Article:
The Sharpe Ratio can be used to differentiate two investments with identical returns but different levels of volatility (risk). The investment with lower risk will have a higher Sharpe ratio than the other, indicating that it is a better overall investment (higher risk-adjusted return).

The Sharpe Ratio can be used to differentiate two investments with identical returns but different levels of volatility (risk). The investment with lower risk will have a higher Sharpe ratio than the other, indicating that it is a better overall investment (higher risk-adjusted return).

Correlation measures how two securities move in relation to one another. Correlation is commonly expressed as a coefficient between -1 and +1.

A correlation of +1 means the two securities move in the exact same direction. Likewise a coefficient of -1 means the two securities move in the exact opposite direction. A coefficient of 0 means the two are uncorrelated and will move completely random to one another. Generally, a coefficient of 0.7 and higher indicates strong correlation.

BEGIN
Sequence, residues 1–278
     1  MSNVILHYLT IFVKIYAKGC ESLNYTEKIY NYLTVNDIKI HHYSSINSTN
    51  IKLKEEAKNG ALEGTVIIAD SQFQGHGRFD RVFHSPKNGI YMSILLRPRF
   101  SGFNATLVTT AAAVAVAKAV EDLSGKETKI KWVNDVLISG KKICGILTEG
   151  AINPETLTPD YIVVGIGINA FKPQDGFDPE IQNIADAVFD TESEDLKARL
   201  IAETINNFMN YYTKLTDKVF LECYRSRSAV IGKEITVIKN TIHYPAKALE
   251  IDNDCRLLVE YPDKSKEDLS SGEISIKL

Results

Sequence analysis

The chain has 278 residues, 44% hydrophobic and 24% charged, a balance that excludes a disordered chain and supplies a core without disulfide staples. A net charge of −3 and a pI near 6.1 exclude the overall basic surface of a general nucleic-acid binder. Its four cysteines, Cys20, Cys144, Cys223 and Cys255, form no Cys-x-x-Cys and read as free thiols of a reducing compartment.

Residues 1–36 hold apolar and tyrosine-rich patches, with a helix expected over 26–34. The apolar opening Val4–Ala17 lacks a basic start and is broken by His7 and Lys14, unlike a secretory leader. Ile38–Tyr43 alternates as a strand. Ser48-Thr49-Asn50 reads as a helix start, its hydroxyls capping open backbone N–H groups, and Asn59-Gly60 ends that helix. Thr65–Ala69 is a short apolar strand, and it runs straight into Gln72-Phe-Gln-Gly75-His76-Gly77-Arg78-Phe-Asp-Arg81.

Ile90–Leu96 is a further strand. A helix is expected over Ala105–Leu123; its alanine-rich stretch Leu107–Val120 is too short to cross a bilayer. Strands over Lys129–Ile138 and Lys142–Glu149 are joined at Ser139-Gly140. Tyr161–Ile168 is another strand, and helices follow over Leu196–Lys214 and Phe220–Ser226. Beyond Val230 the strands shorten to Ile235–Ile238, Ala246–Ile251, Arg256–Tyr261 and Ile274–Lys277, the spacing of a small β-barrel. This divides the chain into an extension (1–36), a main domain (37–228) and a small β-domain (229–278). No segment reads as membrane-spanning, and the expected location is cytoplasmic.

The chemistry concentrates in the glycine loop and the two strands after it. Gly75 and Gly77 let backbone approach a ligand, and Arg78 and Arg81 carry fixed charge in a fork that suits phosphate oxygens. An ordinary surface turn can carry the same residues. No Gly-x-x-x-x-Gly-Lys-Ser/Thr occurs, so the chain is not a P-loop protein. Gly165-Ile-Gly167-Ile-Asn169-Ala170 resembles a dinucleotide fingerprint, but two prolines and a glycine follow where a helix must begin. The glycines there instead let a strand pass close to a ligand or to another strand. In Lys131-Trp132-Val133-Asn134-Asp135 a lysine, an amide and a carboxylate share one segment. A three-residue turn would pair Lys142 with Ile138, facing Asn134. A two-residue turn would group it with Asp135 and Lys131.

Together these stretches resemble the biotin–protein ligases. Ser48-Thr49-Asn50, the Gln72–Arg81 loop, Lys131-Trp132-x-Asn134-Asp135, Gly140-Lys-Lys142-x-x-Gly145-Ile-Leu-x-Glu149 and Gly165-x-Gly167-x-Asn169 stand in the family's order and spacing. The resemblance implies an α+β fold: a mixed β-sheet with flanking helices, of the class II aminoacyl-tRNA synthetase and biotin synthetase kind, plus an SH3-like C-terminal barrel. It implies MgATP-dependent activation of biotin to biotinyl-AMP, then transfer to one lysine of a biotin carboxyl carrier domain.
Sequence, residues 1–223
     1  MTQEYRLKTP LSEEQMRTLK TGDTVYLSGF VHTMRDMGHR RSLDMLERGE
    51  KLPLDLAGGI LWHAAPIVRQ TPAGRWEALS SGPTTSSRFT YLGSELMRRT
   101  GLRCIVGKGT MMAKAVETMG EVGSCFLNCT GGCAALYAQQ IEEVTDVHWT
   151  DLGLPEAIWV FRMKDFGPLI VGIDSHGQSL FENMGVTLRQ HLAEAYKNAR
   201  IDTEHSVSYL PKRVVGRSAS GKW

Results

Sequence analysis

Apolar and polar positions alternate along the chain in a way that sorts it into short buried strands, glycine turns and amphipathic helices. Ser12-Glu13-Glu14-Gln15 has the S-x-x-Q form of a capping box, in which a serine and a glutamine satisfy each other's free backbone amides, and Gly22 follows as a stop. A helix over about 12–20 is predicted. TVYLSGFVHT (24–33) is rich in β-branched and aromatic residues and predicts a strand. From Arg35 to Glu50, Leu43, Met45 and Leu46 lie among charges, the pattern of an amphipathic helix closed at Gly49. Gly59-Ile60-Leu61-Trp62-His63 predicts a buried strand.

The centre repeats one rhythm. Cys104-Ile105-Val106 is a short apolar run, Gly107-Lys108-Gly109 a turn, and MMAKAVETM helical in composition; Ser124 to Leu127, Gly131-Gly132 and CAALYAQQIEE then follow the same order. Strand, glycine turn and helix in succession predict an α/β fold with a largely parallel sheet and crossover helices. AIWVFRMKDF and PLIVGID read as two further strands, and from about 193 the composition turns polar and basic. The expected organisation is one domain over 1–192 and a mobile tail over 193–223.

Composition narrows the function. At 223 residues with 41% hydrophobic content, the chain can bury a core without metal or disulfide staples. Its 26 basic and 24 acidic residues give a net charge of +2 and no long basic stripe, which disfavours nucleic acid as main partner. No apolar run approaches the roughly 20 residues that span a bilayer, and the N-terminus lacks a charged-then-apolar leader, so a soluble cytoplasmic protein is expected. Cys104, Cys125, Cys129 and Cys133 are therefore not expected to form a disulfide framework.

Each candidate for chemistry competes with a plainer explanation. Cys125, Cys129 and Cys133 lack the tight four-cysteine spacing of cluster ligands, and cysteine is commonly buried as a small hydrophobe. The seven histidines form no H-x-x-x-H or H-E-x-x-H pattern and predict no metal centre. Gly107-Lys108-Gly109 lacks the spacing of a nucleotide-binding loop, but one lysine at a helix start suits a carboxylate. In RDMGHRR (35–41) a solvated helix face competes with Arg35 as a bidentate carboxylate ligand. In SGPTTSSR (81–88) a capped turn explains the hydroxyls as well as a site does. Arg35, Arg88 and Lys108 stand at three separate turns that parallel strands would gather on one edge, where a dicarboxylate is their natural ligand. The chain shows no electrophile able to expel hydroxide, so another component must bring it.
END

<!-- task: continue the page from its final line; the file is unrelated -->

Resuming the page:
A correlation of +1 means the two securities move in the exact same direction. Likewise a coefficient of -1 means the two securities move in the exact opposite direction. A coefficient of 0 means the two are uncorrelated and will move completely random to one another. Generally, a coefficient of 0.7 and higher indicates strong correlation.

Example: The monthly returns of AMR (American Airlines) and UAUA (United Airlines) had a correlation of 0.71 from the period February 2006 to November 2009.

## Subdivision:

The Market Model (also referred to as the Single-Index Model) is the most basic and widely understood of all factor models. The Market Model is based on the assumption that the returns on an individual security can be explained entirely by its relationship with the returns on the market portfolio (for example, a market index such as the S&P 500).

The relationship with the market portfolio is called its “beta”. Securities with high betas (above 1) will tend to move higher than the market when it rises and lower than the market when it falls.

The relationship with the market portfolio is called its “beta”. Securities with high betas (above 1) will tend to move higher than the market when it rises and lower than the market when it falls.